How does food get to the table? Like in restaurants? Who buys the raw material, how do they transport it? These and other questions are part of a heated debate that occupies the restaurant industry, among the most important productive sectors of society.
Food logistics and transport
Let's take a step back: since ancient times, food has played a fundamental role for man; think of the hunting and fishing techniques or the methods of breeding and agriculture in the Paleolithic era.
Looking back to more recent times, we see that around the 1950s and 1960s there was an increase in household income. The mass consumption and the commerce of foodstuffs spread, the daily consumption of lactose, meat, sugar, fish and cold cuts takes hold and at the same time the use of bread, cereals and legumes decreases.
Advertising is born. In America, the first shopping mall was opened and in Italy the first supermarket. The 1970s saw the beginning of the crisis in traditional restaurants and a significant increase in the consumption of meat and oily fish. In the 1980s, people began to talk about the Mediterranean diet and light products; the first diet-related illnesses began to appear and hypermarkets were also opened in Italy. In the '90s the globalization of the market began due to the increase in export trade and in the meantime the first discounts sprang up.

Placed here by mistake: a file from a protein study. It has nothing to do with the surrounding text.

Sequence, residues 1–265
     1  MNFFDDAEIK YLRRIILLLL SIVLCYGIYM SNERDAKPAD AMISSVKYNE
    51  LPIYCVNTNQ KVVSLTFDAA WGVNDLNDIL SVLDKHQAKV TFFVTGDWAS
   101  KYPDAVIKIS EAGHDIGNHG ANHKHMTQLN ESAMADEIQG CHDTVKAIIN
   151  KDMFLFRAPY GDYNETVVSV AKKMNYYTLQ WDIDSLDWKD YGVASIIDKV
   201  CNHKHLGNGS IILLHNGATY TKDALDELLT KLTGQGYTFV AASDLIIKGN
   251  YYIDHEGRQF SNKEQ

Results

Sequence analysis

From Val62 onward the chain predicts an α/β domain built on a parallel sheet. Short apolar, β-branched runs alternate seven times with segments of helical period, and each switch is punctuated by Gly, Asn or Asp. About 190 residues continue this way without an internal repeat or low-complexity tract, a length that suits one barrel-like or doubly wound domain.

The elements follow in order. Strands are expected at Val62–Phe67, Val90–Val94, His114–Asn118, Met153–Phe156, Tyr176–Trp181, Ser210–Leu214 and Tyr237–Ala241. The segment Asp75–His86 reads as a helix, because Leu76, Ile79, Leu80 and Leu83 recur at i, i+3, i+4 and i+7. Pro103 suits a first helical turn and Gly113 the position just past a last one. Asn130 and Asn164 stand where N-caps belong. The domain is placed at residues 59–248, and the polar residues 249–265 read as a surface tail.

A concept that is now firmly rooted in 21st century food consumption patterns is spreading: the importance of raw materials for achieving a varied and balanced diet - a fundamental pillar of a healthy life. Finding good quality goods is no longer a difficult task: thanks to aefficient transport system, every day Sicilian oranges are exported all over the world, Mozzarella from Campania is consumed on the tables of Italians from every region, and in Milan you can unexpectedly find the freshest fish in Italy.
Transport as a ferryman of freshness
Now let's enter a restaurant kitchen. The chef and his brigade strive for product excellence, wanting to bring to the table dishes made with Sorrento lemons, parmigiano reggiano, pomodorini del piennolo from Vesuvius, peperone crusco from Basilicata and other specialities from every region. There is no territorial boundary to the chef's creativity; but to enable the concrete realisation of his ideas it is essential that his supplier is able to guarantee him the availability of raw materials and the price list.
This scenario would not be possible without a transporter who has the important task of transporting the goods, respecting the utmost punctuality and, above all, preserving their freshness, integrity and quality..
BRIDGE embraces this scenario and intends to place itself at the heart of the food supply chain, providing the technological expertise it has developed to lead companies in the food transport sector towards a decisive goal: the freshness of raw materials on tables all over Europe..